The olefin saturation zone 16 may consist of the well-known clay treating means or other means to treat residual olefin contaminants. Preferably, the olefin saturation zone 16 comprises an olefin saturation catalyst operating under olefin saturation conditions. Catalytic olefin saturation is also a flow scheme enabler. If a catalytic process is used, the olefins are converted to useful products. For example, a C6 olefin can be converted to benzene (if the olefin is cyclic), a C7 to toluene, and a C8 to xylene. If clay is used, then the olefin will be polymerized, often to C11 +, which is not very useful for an aromatics complex. Thus, the catalytic olefin saturation helps improve the economics of the flow scheme. Suitable olefin saturation catalysts in the present invention contain elemental nickel or a platinum-group component preferably supported on an inorganic oxide support, which is typically alumina. In the case where the elemental nickel is present on a support, the nickel is preferably present in an amount from about 2 to about 40 wt-% of the total catalyst weight. One catalyst for use in the present invention is disclosed in U.S. Pat. No. 5,658,453, the teachings of which are incorporated herein by reference. Typical olefin saturation conditions include a temperature from about 20° to about 200° C., a pressure from about 5 to about 70 kg/cm2 and a stoichiometric ratio of hydrogen to olefins from about 1:1 to about 5:1. Olefin treated reformate is shown in a line 9.

The reformate comprising aromatics, non-aromatics, and light ends in a line 9 is combined with a transalkylation unit effluent in line 17 and an ethylbenzene dealkylation and isomerization unit effluent in a line 18 and sent to a transalkylation stripper fractionation zone 54 via a line 19. The transalkylation stripper fractionation zone 54 generally comprises at least one fractionation column. The transalkylation stripper fractionation zone 54 produces a toluene and lighter fraction which contains toluene and benzene, and lighter hydrocarbons including C8, C7, and lighter aliphatic hydrocarbons in a line 21 and a xylenes-plus-enriched fraction which contains xylenes, heavier aromatics and C9 and heavier aliphatic hydrocarbons in a line 22. The xylene-plus-enriched stream in line 22 from the bottom of the transalkylation stripper fractionation zone 54 is sent to a xylene recovery section 55 (described below) of the aromatics complex.

A portion 21B of the toluene and lighter hydrocarbon stream in line 21 is sent to a common overhead receiver 8 from which light gases such as hydrogen, methane and ethane is removed and directed to, for example, fuel gas. Overhead receiver bottoms stream 6 is combined with the remainder of the toluene and lighter hydrocarbon stream in line 21A and passed to stripper column 52. In stripper column 52, light gasses such as hydrogen, methane, and ethane are removed in a stripper overhead stream 5 and directed to common overhead receiver 8. Additional hydrocarbons may be carried with the light gasses. The Figure shows one embodiment of the invention, and an alternative embodiment would be for transalkylation stripper fractionation zone 54 and stripper column 52 to each have independent overhead receivers instead of the common overhead receiver 8. Stripper bottoms stream 4 containing the reminder of the toluene and lighter hydrocarbon stream is passed to stabilizer 3. Stabilizer 3 produces LPG, primarily propane and butane, which is removed in a line 2. The remainder containing toluene and lighter hydrocarbons through pentane are removed from the stabilizer 3 in a stabilizer bottoms stream 1. Stabilizer bottoms stream 1 is conducted to aromatic extraction zone 27 which produces a benzene and toluene product stream in a line 29; rejects a by-product raffinate stream in a line 28; and produces a C7-C8 aliphatic stream in line 61. The raffinate stream comprising contaminates that are lighter than or co-boiling with benzene may be blended into gasoline, used as feedstock for an ethylene plant, or converted into additional benzene by recycling to the reforming unit 13. The use of extractive distillation instead of liquid-liquid extraction or combined liquid-liquid extraction/extractive distillation processes may result in an economic improvement. However, liquid-liquid extraction is a suitable alternative.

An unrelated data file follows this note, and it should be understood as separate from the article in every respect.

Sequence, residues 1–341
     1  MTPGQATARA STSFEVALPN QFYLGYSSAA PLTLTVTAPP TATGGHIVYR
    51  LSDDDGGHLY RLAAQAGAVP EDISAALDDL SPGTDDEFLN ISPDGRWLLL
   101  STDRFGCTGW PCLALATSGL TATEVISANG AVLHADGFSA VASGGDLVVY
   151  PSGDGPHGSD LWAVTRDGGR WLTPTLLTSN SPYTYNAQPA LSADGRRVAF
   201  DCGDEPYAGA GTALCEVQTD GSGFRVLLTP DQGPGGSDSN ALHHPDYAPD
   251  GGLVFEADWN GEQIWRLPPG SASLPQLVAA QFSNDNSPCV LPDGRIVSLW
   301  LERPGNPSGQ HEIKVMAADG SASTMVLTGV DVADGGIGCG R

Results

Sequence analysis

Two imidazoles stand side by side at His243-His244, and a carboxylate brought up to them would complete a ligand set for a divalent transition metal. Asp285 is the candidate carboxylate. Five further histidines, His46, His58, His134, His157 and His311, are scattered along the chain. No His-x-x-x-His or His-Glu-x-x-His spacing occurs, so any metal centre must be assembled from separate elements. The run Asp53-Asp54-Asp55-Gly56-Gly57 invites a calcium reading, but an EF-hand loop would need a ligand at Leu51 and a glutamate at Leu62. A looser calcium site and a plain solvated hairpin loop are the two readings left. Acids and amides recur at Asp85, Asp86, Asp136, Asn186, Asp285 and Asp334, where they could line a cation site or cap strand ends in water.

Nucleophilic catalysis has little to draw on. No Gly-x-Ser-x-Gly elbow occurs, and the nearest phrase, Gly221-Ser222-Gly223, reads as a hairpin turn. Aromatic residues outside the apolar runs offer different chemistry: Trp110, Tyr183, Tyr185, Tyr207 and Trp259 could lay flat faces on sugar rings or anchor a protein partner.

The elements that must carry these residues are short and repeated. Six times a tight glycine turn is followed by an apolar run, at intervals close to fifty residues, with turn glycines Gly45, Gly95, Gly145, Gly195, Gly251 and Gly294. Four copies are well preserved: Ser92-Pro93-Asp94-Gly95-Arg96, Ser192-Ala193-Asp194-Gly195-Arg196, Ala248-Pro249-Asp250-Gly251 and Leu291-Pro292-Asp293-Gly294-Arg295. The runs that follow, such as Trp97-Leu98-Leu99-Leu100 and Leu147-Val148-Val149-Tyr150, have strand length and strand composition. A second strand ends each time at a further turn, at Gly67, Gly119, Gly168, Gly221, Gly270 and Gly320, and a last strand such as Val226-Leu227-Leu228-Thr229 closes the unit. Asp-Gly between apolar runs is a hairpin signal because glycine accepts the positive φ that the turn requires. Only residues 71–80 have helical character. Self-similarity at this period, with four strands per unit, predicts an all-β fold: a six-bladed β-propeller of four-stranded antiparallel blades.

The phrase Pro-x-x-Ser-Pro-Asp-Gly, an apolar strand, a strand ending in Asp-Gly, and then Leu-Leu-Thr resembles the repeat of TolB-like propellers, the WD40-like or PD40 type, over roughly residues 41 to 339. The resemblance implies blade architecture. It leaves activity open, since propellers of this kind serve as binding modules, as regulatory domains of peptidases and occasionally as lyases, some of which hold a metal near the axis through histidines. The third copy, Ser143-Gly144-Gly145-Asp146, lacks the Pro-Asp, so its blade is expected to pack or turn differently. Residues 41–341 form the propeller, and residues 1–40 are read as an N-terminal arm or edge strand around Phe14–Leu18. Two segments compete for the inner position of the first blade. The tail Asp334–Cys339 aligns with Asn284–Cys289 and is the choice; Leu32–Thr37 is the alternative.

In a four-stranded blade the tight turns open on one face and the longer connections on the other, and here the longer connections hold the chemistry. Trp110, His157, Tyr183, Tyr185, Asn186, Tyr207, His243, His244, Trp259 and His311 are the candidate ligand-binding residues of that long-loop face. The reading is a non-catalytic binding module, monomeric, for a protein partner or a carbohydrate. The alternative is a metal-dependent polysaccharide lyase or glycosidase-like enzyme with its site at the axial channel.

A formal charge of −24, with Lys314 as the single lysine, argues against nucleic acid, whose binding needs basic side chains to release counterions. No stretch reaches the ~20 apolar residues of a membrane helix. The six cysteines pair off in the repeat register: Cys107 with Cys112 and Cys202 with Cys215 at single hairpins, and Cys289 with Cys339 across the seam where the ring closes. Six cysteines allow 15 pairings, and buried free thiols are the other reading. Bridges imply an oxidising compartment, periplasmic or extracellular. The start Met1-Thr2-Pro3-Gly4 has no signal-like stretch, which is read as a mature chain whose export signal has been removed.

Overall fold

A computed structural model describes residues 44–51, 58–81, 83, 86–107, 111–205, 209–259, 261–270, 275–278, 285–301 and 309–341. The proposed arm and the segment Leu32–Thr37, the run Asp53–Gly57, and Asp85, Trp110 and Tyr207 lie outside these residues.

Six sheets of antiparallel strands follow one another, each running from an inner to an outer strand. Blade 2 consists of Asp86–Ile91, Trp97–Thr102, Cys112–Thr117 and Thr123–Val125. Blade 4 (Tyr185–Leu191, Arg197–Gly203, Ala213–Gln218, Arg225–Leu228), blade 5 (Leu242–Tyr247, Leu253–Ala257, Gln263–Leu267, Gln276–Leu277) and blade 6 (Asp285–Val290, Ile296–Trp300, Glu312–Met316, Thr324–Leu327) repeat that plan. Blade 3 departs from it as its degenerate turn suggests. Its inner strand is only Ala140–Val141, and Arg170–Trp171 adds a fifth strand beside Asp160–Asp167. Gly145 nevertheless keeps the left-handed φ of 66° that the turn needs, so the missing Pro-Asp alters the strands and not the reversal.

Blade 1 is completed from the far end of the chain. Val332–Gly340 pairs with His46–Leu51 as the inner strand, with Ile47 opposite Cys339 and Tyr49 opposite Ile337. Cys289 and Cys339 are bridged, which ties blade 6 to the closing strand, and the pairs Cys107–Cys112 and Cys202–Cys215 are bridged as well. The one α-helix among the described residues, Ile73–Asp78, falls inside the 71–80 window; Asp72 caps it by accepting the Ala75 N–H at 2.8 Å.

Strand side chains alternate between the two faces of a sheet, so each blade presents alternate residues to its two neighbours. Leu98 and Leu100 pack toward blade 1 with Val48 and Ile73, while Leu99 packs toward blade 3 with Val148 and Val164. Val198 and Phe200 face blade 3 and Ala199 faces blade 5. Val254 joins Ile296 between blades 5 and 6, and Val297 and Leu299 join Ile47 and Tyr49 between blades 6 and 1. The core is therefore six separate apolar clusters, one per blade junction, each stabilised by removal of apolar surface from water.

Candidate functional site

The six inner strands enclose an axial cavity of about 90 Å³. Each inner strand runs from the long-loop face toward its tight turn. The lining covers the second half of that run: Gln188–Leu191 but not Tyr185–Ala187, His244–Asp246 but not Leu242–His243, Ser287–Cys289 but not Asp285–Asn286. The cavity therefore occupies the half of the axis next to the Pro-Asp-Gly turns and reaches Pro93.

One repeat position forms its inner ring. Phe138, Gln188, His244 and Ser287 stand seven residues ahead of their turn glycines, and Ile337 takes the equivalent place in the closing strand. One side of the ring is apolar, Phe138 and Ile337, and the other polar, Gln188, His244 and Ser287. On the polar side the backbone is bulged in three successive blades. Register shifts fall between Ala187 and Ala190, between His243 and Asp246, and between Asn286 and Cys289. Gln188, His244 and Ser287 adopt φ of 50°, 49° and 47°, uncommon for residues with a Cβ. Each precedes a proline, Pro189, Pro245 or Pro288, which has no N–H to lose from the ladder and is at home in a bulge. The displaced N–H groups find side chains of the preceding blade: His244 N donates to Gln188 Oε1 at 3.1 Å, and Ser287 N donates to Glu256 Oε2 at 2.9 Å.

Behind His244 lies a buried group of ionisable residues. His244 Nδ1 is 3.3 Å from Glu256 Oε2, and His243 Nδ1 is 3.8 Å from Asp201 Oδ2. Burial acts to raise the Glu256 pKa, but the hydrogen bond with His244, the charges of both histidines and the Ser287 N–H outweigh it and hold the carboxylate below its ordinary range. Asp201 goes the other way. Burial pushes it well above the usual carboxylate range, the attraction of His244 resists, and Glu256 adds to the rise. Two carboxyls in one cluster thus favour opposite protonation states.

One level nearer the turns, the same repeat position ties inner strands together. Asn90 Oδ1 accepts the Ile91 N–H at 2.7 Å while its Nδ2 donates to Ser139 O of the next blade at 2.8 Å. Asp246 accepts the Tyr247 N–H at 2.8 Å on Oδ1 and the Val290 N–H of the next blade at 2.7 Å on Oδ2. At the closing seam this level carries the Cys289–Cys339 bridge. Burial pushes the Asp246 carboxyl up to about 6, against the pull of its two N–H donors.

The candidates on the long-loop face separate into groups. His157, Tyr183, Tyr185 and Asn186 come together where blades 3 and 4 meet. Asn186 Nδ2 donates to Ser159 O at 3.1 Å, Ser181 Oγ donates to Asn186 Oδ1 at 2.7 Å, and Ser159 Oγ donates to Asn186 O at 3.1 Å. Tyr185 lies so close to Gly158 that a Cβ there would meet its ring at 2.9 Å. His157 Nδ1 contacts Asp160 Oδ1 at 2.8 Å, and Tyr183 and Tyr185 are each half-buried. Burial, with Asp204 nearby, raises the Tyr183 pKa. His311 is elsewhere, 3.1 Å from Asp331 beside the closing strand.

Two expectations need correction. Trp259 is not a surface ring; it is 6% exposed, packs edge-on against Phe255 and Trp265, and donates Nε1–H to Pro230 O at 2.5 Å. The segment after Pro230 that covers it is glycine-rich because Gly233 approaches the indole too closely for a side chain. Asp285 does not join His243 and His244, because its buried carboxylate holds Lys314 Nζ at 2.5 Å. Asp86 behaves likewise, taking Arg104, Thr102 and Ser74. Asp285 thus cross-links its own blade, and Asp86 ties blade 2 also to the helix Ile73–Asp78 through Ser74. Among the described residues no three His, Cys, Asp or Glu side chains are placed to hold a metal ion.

Extractive distillation is a technique for separating mixtures of components having nearly equal volatility and having nearly the same boiling point. It is difficult to separate the components of such mixtures by conventional fractional distillation. In extractive distillation, a solvent is introduced into a main distillation column above the entry point of the hydrocarbon-containing fluid mixture that is to be separated. The solvent affects the volatility of the hydrocarbon-containing fluid component boiling at a higher temperature differently than the hydrocarbon-containing fluid component boiling at a lower temperature sufficiently to facilitate the separation of the various hydrocarbon-containing fluid components by distillation and such solvent exits with the bottoms fraction. Suitable solvents include tetrahydrothiophene 1,1-dioxide (or sulfolane), diethylene glycol, triethylene glycol, or tetraethylene glycol. The raffinate stream in line 28 comprising nonaromatic compounds exits overhead of the main distillation column, while the bottoms fraction containing solvent and benzene exits below. Often the raffinate will be sent to a wash column (not shown) in order to be contacted with a wash fluid such as water and thus remove any residual dissolved solvent. The side-cut C7-C8 aliphatic hydrocarbon stream in line 61 may be passed through a trace solvent removal zone 62 in order to remove residual dissolved solvent. The substantially solvent free stream in line 63 is introduced to isomerization unit 63, discussed in detail below. The substantially solvent free stream contains no more than about 10 ppm solvent and preferably no more than about 1 ppm solvent. In one embodiment of the invention the trace solvent removal zone 62 is a wash column and in another embodiment of the invention the trace solvent removal zone 62 is a water wash column.